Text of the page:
Breaking news in Connecticut is the new gun control legislation, which was signed into law by Governor Dannel Malloy on April 4, 2013. The 139-page bill was drafted by a bipartisan group of legislators, and is considered by many to impose the toughest gun laws in the nation.  The most prominent features of the new law are that it adds more than 100 firearms to the list of banned assault weapons in Connecticut, establishes a statewide registry for people convicted of crimes involving dangerous weapons for use by law enforcement, requires background checks on all weapon sales including those made at gun shows and limits the capacity of magazines to 10 rounds. 

The law also requires that residents obtain eligibility certificates for the purchase of any rifle, shotgun or ammunition, and provides harsher penalties for illegal possession of firearms and trafficking.  The law also expands mental health research, provides for mental health training to teachers and sets safety standards for school buildings.

Though the bill passed without much difficulty and was scheduled to be signed into law by the Governor even before the General Assembly House had voted on and passed the bill, support for the bill was anything but 100%.  On one hand, Senate President Donald Williams praised the bill and called the measure the “strongest and most comprehensive gun bill in the country” that was “a model for the other 49 states and Congress.” Meanwhile, other senators argue that the bill impinges too much on the rights of lawful gun owners.  For instance, Republican state Sen. John Kissel expressed concern that placing further regulations on firearms and ammunition in a state that already has some of the toughest laws in the country “goes one step too far.”  Other senators like Republican Scott Franz believe that there is “too much emphasis on gun regulations.”

The new law has also received praise and scrutiny in the public eye. For instance, parents of some of the victims of the Sandy Hook tragedy publicly praised the bill as “historic” and an example for Congress of the type of bipartisan cooperation necessary to make the country safer.  Gun rights advocates on the other hand criticized the bill and question whether it would have done anything to prevent the Sandy Hook tragedy.  For instance, Robert Crook, executive director of the Coalition of Connecticut Sportsmen, suggested that “if it did something to prevent this incident, where the fault lies with the individual and the mother, not with the legitimate gun owners in this state, then we could probably support” some sort of legislation.

Perhaps the best news related to the new Connecticut legislation is the spike in sales at firearms retailers throughout the state in response to the expected passing of the law.  According to news reports, retailers saw heavy increases in sales throughout the first three months of 2013, and received a further spike in business during the last few days with the announcement that legislators had reached an agreement on new legislation which would impose additional bans on high-capacity magazines and assault weapons.  The customers were all flocking to stock up on firearms, magazines and ammunition before the new restrictions on their sale and possession could be imposed.  In fact, some retailers even opened their stores on days they are typically closed in order to accommodate the demand and attempt to clear their inventory of products which they were concerned they might not be able to sell once the new legislation became effective.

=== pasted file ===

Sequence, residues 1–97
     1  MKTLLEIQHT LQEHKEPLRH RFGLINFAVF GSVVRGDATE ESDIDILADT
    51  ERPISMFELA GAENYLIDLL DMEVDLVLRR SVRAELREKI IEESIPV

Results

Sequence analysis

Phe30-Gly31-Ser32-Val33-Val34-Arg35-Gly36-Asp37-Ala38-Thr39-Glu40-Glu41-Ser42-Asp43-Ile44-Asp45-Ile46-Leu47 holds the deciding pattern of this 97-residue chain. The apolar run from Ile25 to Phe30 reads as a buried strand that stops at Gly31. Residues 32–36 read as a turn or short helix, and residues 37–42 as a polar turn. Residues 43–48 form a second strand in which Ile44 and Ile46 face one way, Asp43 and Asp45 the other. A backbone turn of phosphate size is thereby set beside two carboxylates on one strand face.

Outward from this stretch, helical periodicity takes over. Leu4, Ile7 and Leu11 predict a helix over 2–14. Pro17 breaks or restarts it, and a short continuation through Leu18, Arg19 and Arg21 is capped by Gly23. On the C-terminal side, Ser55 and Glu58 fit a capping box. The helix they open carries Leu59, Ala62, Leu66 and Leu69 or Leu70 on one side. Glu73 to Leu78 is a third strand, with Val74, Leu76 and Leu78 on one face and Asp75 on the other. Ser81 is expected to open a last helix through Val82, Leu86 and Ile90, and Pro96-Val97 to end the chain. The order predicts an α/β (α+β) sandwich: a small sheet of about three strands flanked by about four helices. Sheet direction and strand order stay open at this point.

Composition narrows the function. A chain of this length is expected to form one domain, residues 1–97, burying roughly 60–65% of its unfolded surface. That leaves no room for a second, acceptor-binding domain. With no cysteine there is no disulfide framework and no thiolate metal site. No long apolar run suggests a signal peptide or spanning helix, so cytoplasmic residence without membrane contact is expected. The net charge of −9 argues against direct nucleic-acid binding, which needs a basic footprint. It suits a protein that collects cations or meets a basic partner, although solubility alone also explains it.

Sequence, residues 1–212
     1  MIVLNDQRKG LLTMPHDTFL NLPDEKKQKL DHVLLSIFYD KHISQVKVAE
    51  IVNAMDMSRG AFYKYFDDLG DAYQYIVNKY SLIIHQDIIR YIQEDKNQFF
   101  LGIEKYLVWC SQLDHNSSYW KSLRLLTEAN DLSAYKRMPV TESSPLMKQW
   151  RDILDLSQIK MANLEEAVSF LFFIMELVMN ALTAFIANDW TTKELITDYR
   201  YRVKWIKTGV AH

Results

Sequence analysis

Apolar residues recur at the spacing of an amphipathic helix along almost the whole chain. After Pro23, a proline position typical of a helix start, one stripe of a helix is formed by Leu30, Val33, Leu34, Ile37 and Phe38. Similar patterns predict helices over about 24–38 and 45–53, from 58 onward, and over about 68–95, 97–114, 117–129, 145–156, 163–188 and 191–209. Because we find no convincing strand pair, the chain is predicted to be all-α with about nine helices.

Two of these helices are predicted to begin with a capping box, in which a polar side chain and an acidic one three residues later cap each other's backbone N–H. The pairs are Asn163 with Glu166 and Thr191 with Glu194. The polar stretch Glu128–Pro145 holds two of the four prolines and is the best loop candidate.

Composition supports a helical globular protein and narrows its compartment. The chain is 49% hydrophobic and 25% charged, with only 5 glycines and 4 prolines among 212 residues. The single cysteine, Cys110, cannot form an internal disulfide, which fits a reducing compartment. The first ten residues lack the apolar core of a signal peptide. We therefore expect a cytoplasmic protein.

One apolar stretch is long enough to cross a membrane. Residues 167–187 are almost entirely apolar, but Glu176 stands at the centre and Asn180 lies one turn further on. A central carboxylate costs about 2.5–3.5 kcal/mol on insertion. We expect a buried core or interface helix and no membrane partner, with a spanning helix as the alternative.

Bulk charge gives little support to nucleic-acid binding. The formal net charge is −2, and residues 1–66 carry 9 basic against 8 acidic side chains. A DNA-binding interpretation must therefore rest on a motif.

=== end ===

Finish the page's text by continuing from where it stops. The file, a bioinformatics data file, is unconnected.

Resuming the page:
The new legislation may also negatively impact jobs in Connecticut.  Currently, three firearms manufacturers, two of which are among the largest in the country, are based in Connecticut and employ nearly 3,000 people within the state.  The new legislation, however, could lead these companies to consider moving their operations and the 3,000 jobs related to them to other states.  For instance, Stag Arms, located in New Britain, CT, was founded by a Connecticut native just ten years ago and produces roughly 6,000 AR-15 rifles per month which are considered banned assault weapons under the new legislation.  As a result, Stag’s owner, Mark Malkowski, is now being forced to consider leaving his home state and left wondering why he would continue to produce his product and create jobs in a state that deems that product “so bad [and] so dangerous.”  In the end, time will tell whether Stag and its Connecticut firearms manufacturer brethren Colt and Mossberg will remain in Connecticut or take their business and jobs elsewhere.

For more information on the Connecticut legislation and its legal implications to citizens, retailers, distributors and manufacturers, please contact John Renzulli or Christopher Renzulli.  For more articles from and past issues of RLF’s In Our Sights newsletter, or to subscribe click here.